Surfing has always been associated with bleached and bronzed Baywatch types, who strut their stuff on some far-off beach. But now anyone, from computer nerd to Mr Universe, can ride the big one without risking life or limb. This is thanks to the Internet where "surfing" is computer-speak for browsing on the information superhighway.
But don't worry if you still haven't cruised the superhighway or taken part in what has become a boom leisure industry for techno-hippies, you are not alone. And although the information superhighway was mentioned 92 times in national broadsheet newspapers in 1993 and 1,379 times in 1994, making it one of the hottest topics of discussion in the media, opinions are divided. Is the Internet the superhighway? Will the superhighway ever exist and will it make any difference to your life when it does?
These and other questions have prompted the Science Museum to explore the potential of the Internet, the global network of computers considered by its aficionados as the most important development of the 20th century.
According to Jo Quinton-Tulloch, a member of the team responsible for putting together the Science Museum's current exhibition, they were interested in finding out exactly what was behind all the hype.
The museum is inviting visitors to take part in a live demonstration called Surf City, part of a five-month long Science Box Information Superhighway exhibition, sponsored by Oracle and BT. The exhibition started in April and runs until September 3, when it will go on a tour to Manchester, Wales, Cornwall, Norfolk, Nottinghamshire and Northern Ireland.
With its nine-strong group of computers hobnobbing with the thousands that already make up the Internet's World Wide Web family, the exhibition sets out to explain what we can expect from the new technology. Surf City lifeguards like Aireni, are always on hand to demonstrate what she is sure "will be the mother of all highways that allows computers to feed off each other to give easy access to interactive multimedia, creating an exciting way of getting information". The superhighway gives instant access to CDs and computer programs on the other side of the planet.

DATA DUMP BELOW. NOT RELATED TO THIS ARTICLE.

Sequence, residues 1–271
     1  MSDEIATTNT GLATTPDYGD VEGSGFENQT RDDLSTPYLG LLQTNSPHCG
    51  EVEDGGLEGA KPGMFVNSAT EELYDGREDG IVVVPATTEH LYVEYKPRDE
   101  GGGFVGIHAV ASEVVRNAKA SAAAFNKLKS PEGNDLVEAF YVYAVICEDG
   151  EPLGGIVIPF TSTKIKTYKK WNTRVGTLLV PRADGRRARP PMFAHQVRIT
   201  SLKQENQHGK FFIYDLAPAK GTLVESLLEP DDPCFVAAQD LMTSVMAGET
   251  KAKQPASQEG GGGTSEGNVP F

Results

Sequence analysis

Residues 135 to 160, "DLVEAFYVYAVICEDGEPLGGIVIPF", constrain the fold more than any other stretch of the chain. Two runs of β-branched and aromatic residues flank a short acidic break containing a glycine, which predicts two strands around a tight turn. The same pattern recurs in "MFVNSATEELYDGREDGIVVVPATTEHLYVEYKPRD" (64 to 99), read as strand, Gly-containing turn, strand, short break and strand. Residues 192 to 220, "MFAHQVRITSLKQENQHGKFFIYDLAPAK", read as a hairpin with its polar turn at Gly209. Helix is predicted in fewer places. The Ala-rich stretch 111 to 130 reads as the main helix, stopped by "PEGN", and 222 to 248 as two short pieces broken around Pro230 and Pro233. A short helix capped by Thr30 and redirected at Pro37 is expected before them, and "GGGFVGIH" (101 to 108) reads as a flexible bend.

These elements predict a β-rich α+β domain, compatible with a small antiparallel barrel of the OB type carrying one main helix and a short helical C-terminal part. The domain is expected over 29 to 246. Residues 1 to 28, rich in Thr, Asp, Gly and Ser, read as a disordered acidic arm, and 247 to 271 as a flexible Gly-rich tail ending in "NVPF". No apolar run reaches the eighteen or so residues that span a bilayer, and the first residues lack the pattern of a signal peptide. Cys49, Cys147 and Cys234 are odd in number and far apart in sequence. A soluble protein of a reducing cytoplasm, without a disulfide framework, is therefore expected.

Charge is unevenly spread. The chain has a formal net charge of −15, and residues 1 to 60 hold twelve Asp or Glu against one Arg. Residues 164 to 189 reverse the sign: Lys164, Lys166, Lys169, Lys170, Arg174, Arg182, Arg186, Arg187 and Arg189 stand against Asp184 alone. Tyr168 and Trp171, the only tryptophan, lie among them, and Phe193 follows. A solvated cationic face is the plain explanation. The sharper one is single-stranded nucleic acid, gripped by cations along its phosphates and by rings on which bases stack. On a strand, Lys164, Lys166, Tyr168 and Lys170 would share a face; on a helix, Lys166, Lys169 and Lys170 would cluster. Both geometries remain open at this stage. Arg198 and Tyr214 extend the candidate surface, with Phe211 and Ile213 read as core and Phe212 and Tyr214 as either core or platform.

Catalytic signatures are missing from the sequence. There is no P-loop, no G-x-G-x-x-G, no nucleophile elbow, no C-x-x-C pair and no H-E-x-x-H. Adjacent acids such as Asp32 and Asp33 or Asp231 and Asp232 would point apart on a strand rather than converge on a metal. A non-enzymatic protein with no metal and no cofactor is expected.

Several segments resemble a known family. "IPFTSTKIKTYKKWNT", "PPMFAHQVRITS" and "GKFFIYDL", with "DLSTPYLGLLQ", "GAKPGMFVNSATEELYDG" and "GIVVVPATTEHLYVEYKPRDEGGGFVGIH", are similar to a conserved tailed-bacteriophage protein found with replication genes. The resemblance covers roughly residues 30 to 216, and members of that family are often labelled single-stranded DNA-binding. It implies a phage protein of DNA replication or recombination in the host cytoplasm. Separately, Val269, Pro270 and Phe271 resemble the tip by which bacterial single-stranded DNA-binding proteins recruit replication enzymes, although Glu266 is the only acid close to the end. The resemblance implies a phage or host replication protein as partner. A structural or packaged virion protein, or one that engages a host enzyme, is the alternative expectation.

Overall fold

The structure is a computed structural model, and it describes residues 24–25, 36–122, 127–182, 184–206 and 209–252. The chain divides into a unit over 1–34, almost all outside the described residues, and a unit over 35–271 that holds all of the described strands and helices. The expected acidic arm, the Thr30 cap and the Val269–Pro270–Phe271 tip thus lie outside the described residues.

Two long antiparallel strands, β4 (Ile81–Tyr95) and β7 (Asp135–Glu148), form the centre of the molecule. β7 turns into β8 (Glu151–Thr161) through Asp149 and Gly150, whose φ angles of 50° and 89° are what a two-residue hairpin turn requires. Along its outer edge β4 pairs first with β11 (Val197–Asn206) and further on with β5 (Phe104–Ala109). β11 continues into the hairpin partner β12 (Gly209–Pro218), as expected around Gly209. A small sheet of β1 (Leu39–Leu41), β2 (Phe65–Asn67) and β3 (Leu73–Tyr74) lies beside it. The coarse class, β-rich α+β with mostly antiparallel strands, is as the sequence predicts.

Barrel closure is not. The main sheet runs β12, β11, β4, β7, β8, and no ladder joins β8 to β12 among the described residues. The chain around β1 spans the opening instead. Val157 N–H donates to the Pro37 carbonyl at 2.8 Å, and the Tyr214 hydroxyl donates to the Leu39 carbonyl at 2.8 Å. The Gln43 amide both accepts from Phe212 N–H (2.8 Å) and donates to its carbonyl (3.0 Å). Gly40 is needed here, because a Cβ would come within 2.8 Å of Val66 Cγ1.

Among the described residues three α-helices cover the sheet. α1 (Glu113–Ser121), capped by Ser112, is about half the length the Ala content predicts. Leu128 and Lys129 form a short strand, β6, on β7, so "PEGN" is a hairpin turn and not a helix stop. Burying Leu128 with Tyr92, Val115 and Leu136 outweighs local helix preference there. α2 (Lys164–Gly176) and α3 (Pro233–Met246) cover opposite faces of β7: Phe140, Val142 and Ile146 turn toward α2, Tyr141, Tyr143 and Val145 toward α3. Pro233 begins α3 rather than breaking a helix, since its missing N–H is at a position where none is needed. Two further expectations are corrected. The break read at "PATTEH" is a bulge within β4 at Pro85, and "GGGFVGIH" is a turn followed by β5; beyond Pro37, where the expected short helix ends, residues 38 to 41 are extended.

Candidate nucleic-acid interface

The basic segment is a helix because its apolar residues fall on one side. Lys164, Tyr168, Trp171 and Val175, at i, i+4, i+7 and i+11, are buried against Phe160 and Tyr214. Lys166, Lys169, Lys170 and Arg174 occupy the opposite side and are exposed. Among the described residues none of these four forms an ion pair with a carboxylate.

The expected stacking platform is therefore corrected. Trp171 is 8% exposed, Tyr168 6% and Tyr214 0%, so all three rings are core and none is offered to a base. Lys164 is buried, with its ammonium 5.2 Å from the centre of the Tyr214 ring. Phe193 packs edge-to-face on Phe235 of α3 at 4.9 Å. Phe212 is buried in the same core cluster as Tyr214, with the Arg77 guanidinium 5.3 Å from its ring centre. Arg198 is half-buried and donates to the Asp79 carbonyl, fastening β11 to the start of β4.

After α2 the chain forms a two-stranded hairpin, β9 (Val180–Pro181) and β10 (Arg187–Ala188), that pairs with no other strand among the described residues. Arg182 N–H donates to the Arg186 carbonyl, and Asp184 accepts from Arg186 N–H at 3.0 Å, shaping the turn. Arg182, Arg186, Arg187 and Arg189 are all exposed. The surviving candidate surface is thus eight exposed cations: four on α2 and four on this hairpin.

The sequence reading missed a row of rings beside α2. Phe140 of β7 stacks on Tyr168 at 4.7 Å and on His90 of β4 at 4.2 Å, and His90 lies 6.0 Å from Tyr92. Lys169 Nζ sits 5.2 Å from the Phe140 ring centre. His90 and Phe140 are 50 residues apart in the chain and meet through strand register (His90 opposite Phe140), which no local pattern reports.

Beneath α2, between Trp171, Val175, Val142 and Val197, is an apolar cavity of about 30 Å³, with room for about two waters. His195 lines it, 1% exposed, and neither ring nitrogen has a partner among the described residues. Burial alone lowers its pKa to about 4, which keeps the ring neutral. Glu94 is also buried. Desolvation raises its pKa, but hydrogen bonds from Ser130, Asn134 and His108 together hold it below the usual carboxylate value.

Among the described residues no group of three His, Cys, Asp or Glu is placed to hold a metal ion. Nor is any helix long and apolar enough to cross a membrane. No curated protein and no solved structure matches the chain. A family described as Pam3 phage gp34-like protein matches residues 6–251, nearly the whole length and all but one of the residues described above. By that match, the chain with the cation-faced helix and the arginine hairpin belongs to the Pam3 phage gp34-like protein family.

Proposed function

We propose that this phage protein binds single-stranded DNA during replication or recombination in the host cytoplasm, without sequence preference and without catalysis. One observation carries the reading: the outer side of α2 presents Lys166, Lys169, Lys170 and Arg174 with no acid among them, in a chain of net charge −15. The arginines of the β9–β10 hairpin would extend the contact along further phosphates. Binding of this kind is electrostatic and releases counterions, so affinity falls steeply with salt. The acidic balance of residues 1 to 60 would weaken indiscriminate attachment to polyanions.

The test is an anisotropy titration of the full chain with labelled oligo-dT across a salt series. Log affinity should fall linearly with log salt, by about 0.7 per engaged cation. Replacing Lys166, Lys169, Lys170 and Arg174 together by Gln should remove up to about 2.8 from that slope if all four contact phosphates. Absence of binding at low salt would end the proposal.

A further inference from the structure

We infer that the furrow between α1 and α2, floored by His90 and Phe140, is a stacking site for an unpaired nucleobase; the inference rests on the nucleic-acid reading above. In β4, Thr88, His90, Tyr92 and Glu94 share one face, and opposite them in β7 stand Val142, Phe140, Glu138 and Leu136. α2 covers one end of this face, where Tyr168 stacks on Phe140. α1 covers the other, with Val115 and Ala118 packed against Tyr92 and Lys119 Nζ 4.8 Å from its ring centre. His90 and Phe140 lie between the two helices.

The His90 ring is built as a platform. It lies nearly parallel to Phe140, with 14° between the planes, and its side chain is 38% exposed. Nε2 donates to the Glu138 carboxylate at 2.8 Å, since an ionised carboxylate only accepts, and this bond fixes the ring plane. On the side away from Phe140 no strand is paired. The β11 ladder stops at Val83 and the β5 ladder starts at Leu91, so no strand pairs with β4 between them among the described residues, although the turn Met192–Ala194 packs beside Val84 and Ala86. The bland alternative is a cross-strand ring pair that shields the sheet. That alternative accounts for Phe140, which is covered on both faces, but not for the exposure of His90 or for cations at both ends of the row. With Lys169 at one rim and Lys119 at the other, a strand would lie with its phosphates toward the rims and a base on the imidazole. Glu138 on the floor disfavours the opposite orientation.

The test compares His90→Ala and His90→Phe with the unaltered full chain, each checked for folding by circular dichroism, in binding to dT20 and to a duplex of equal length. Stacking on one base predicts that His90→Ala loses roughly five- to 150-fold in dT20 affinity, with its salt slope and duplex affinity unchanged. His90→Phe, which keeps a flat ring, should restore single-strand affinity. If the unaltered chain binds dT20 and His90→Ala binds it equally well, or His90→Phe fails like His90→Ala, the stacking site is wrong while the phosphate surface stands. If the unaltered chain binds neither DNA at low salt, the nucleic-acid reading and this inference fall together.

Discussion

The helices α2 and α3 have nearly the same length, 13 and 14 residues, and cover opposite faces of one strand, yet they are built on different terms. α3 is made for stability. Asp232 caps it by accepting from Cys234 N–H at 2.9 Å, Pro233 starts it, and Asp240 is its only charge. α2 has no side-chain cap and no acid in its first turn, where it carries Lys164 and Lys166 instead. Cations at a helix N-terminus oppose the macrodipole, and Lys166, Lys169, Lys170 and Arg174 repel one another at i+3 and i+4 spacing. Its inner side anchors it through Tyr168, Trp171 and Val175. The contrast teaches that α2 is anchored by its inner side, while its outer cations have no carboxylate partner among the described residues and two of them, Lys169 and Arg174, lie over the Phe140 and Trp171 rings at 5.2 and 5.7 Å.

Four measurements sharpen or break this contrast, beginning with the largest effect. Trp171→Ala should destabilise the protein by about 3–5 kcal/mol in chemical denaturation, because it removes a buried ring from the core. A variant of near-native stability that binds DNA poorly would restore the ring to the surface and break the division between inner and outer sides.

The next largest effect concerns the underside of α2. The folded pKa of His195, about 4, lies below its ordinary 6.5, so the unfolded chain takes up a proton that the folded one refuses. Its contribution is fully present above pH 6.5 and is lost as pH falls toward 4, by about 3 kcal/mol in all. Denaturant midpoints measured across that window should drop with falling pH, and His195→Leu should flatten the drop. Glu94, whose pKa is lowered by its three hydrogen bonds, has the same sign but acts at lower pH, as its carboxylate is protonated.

At the click of a button you can teach yourself Jamaican Patois, order a pizza or clothes, consult a doctor, take a backpack into the Sahara Desert or research any subject using libraries all over the world, without leaving your chair.
However, not all the exhibits in Surf City will be joining the tour. The PCs running Netscape Navigator browser software will be left behind, but visitors outside London will still have the chance to get a taste of the World Wide Web from interactive touch-screen displays. Jo Quinton-Tulloch says, "Visitors to sites outside London will miss out on the live demonstration of Surf City because the high cost of installing such a facility means each site will be responsible for raising the necessary funds which is not an easy task".
Following on the heels of the exhibition and the other 150 museum Web sites already in existence, the Science Museum has now launched its own World Wide Web pages of information collated from its sister museums, the National Railway Museum in York and the National Museum of Photography, Film and Television in Bradford.
Far from replacing visits, queues and admission charges, the 170 pages, which will be continually updated, are designed to whet appetites by providing only basic information on its collections and scanned-in photographs of some of the more delicate artefacts, together with admission details. QuintonTulloch maintains it is a good way to display the other 90 per cent of the museum's collections usually kept in storage because they can't all fit in display cases at any one time. "Anyone with access to Internet, whether they are the schools, researchers or academics, can tap into the museum's educational facilities by browsing or surfing from one museum to another," she says.
At the moment sex is one of the Internet's most popular subjects and there have already been prosecutions for pornography. The question of consorship has been raised several times, but as no single organisation controls the Internet it is very difficult to police. Of course you don't have to peek, though as Aireni says: "Teachers are well advised to peer over young shoulders from time to time just to make sure."
The Internet contains so much information that it might not be possible to discover all the sites available the extent and variety of information within reach is hard to believe. Time to start surfing.
Science Museum, Exhibition Road, South Kensington, London SW7 2DD. Tel 0171 938 80808008. Open 10.00am - 6.00pm seven days a week